Near the place where Astolpho first alighted there was a garden, and in the garden was a fountain. On either side of the fountain sat two saintly men, who were dressed in long white robes, and whose hair and beard were whiter than the drifted snow. These men, as the knight approached, arose and saluted him.

"Art thou a Christian?" asked one.

"I am," answered Astolpho, making the sign of the cross.

"Wouldst thou be healed of all thine infirmities, whether of body or of mind?" asked the other.

"Nothing do I desire more greatly," was the answer.

[349] Standing within the fountain was a pure white stone, shaped like a mussel shell, and covered by a few inches of water.

"If what thou sayest is true," said the elder, who had first spoken, "step now into this mussel shell."

Astolpho did as he was bidden, and the water began of its own accord to rise about him. Three times it lifted itself and gushed over his head; and then the aged men bade him step out of the fountain. As he did so, he felt as if the balmiest days of his youth had returned, and that he should never again be oppressed with weariness or pain.

"Go thou," said the elders, "and may no evil thing betide thee!"

Then Astolpho went straight to the palace wherein dwelt the king. The walls which stood around this palace were of the purest white marble. The drawbridge was of ivory, and the chain and bolts were of gold. The gate was a wondrous piece of workmanship, wrought of precious metals and costly stones; and above it was placed the horn of a horned snake, so that nothing unclean could pass through. The inner gates were of ebony, inlaid with gold. At each end of the palace was a high tower; and on each of these a carbuncle and an apple of gold were placed; and by day the golden apple shed a soft radiance over the palace and all the country around, while at night the carbuncle shone as brightly as the sun at noon. The wide courtyard was floored with onyx,—a stone which gives [350] strength and courage to the feeble-hearted. The architraves, the joists, the ceilings of the palace, were of the mystic Sethym wood: the roof was of ebony, and so built that fire could never touch it. Heavy curtains, and carpets of every hue and texture, added comfort to riches. In wall and roof and pavement were countless pearls and purest gems. And in the great assembly hall was a wondrous mirror, reached by five and twenty steps of porphyry and serpentine, in which the king could see at a glance every thing that was happening in every corner of his kingdom.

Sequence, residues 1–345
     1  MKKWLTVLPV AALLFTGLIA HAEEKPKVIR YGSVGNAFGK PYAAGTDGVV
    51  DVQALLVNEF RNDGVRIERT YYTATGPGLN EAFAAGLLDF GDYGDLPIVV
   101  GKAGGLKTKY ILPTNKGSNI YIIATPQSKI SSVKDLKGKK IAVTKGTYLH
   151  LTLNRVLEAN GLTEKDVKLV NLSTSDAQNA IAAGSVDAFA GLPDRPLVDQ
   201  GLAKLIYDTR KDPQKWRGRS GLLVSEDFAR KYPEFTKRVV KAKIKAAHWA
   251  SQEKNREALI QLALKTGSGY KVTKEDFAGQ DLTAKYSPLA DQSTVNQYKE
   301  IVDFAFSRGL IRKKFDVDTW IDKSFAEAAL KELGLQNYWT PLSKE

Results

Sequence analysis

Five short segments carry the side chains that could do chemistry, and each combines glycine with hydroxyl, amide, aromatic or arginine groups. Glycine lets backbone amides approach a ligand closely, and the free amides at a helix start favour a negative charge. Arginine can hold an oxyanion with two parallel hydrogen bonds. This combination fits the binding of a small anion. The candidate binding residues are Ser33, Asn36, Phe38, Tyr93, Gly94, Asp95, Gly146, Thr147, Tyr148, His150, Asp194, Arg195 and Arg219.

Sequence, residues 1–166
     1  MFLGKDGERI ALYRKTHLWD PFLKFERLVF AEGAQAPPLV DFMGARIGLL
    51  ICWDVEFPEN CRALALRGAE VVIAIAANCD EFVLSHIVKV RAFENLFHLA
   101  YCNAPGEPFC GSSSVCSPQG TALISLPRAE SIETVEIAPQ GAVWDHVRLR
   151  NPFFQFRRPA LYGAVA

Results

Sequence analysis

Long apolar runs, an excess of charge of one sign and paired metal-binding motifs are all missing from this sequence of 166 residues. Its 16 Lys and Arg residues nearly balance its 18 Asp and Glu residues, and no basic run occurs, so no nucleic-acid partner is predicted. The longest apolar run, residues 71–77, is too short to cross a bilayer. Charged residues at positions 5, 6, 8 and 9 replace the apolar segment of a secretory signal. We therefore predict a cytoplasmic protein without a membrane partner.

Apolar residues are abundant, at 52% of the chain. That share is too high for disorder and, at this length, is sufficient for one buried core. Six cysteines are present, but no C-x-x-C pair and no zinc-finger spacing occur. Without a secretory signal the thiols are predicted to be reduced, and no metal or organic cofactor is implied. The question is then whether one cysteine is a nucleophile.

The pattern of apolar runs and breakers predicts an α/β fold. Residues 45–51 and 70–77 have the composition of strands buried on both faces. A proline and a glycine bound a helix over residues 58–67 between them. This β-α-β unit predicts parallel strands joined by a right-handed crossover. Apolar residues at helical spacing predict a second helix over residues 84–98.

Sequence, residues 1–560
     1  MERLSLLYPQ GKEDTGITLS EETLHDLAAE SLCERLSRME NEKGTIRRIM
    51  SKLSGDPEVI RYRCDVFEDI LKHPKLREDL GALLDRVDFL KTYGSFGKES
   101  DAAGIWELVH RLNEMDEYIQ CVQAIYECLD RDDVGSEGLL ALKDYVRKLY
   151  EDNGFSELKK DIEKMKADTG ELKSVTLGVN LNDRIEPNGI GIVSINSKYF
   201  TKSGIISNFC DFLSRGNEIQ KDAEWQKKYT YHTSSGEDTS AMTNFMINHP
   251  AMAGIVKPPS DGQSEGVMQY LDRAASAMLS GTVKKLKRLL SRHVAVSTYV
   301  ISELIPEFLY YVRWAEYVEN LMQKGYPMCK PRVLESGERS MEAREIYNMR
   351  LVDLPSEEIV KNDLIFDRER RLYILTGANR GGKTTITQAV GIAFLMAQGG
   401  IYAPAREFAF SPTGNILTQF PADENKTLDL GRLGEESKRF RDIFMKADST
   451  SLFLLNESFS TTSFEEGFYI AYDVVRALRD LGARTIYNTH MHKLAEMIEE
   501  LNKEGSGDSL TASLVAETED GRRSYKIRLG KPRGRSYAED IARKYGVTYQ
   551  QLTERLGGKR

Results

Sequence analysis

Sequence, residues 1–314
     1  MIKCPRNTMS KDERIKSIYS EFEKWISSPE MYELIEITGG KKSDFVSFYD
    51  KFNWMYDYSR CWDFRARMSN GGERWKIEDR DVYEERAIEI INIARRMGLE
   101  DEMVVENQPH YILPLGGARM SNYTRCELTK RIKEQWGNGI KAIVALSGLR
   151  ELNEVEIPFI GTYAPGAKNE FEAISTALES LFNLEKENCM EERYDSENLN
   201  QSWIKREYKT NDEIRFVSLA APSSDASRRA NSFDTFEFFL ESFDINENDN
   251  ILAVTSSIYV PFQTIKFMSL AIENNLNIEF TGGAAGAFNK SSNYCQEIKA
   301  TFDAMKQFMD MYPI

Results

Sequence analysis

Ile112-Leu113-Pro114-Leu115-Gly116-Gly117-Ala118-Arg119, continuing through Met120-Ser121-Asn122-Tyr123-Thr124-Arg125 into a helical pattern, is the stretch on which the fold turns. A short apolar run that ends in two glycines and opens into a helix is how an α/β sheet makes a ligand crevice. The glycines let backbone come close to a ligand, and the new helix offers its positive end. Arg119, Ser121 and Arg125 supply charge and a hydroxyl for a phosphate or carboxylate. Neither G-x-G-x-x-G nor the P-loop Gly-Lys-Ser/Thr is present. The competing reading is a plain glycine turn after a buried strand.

No man knew how long this country had been ruled by Prester John; for, in a land so blessed with every comfort and every luxury, the years were all golden, and men noticed not the flight of time. The great Prester John kindly welcomed Astolpho to his court, and ordered that the best guest room in the palace should be made ready for his use. But the knight was surprised to see, that, although the king was surrounded with every thing that could add to one's happiness, there was an air of sadness on his face, as if he were harassed by some fearful evil which he could not escape.

It so happened that the day was a great feast day, when all the earls and noblemen in the kingdom were bidden to court, and a rich banquet was to be served in the hall. And Astolpho was invited to sit at table with the rest.